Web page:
It’s not relevant, of course…

Back to those Santa Maria del Fiore frescoes. This sixteenth century work depicts The Last Judgement, with the bottom section representing Capital Sins and Hell and featuring huge graphic images of: death, hellfire, tridents skewering throats, horned and tailed demons, grotesque chimeras, The Beast swallowing humans whole, carnality, animal genitalia, a hydra (but that’s Greek, isn’t it? Well, why not borrow another myth’s monster if it serves the purpose?), evisceration, skinning, fear, agony, etc, etc.

It’s imposing, no doubt about that. But it’s just a painting, in a Renaissance cathedral, so it shouldn’t be taken seriously – except as art. I know if I’d have been exposed to it as that impressionable, vampire-phobic kid, I’d have been horrified. (Incidentally, Florentines objected to their city’s use as a location setting for Hannibal, in which a police detective is disembowelled and hanged from the balcony of the Palazzo Vecchio.) But nobody takes this kind of thing seriously now, surely?

I was disturbed last week by the Channel 4 Cutting Edge documentary, Baby Bible Bashers. One of its subjects was a seven year old boy from Mississippi, preaching on the streets, encouraging sinners to repent, else go to hell. What’s my connection here? Well, this young child would look up at those fresco/secco images and believe them to a true representation of our fate. He knows there are worms down there that will eat you.

I was moved by the final footage of this damaged boy, brain-washed by idiot parents, traumatised to tears by the hostility of the reaction his words, and his family’s banners, provoked on the more liberal streets of New York. I’m with Dawkins on this one – child abuse.

4 responses to “It’s not relevant, of course…

  1. Provocative as usual, Lee.
    But it’s just a painting, in a Renaissance cathedral, so it shouldn’t be taken seriously – except as art.
    This young child would look up at those … images and believe them to [be] a true representation of our fate.
    Does your assertion that this might be a case of child abuse arise predominantly from the fact that the boy has been led to believe in the literalness of such notions as those depicted in the Florentine images of which you write?
    But nobody takes this kind of thing seriously now, surely?
    Part of the issue might be that, in an increasingly secularized world, such notions as hell, heaven, salvation etc., as depicted in much religious art, have lost any meaning to people who have not been shaped by the narratives to which these notions are central. (This is to say nothing of how central these elements should be, which of course depends on how such elements are understood.) However, street-corner preaching of these concepts apart from such narratives is hardly going to make such notions any more understandable. Anyone doing so simply looks like a nutter.

  2. I’m with Dawkins on this one – child abuse.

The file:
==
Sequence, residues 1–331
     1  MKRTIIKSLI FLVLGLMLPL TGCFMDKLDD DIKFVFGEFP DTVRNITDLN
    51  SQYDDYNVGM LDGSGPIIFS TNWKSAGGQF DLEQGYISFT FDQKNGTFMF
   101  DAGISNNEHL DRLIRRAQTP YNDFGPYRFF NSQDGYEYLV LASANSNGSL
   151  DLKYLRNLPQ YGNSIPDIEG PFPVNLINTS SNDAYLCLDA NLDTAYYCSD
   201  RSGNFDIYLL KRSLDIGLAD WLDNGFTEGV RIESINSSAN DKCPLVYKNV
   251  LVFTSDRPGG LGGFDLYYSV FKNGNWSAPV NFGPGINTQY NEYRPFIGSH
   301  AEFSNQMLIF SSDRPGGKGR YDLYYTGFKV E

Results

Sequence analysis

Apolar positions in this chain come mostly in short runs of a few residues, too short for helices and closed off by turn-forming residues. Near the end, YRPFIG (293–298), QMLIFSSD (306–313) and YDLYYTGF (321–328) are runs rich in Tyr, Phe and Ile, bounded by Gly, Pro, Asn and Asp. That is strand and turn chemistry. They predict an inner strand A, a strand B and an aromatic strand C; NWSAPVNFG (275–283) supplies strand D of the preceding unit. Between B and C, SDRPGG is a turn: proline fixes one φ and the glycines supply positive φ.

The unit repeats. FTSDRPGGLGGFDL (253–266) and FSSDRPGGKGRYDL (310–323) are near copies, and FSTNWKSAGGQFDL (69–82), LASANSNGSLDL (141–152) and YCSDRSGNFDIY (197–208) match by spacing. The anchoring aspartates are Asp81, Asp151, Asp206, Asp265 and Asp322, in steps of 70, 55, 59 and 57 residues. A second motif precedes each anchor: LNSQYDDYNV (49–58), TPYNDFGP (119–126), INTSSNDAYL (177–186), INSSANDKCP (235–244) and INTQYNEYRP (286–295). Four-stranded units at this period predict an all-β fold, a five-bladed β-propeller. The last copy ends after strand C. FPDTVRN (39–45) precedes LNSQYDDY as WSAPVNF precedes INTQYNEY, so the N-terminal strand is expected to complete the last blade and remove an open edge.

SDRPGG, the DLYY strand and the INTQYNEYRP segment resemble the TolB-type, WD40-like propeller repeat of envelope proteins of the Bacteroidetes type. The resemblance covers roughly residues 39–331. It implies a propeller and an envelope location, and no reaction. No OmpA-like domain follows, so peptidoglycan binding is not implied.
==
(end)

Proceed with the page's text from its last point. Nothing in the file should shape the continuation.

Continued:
I shall pin my colors to the mast here, and not for the first time. Quite apart from my conviction that Richard Dawkins is absoluetly and quite definitely the worst thing ever to have happened to the promotion of the noble name of science, and the related conviction that The God Delusion supplies that same flavor of over-generalizing, mouth-foaming, ersatz self-flagellation to unreasoning atheists that Mein Kampf did to the nazis, I’d like to turn your question around. To be sure, there are nutcases about, but Dawkins is at least as bad as the parents of baby bible-bashers. I’d claim that keeping religion, fantasy and delusion away from children is far more cruel than allowing them to grow up in a world in which childhood irrationality falls away more gently. Rather like having your kids grow up in a sensory deprivation chamber.

  3. Pete – Well, if I’ve provoked people into reading, then that’s okay, isn’t it? Stops me thinking I’m a nutter – i.e. talking to myself in public.
    My assertion of child abuse was roused by watching interviews with this particular boy’s parents, who, through their need to atone for their own mistakes, are exerting fascistic mind control over an innocent child, inculcating him with a worldview that belongs to half a millenium ago or more, including an associated notion of ‘Hell’. Consequently, I would predict that, were he to view those images, they may well accord with his notion as a valid representation (although not literal, if he hasn’t seen them; I’d be surprised if the hydra figured).

    Henry – Vivid colours indeed. I referred to Dawkins’s position because I agree with it here. I really felt sorry for this particular child. If you wish to use that as an opportunity to lambast everything Dawkins stands for, well, that’s your call – I didn’t invite that (although I don’t object to you bringing it up). But I don’t agree with you. That Dawkins is provoking increased debate on certain matters is, to my mind, a good and necessary thing, raising a lot of issues that need to be raised.
    I don’t advocate against learning about religion (or fantasy, or delusion) – why would I? It’s important and fascinating. But if children are indoctrinated that they are (should be) religious, in the manner of that particular boy I discussed, then that, to me, is disturbing – and wrong.

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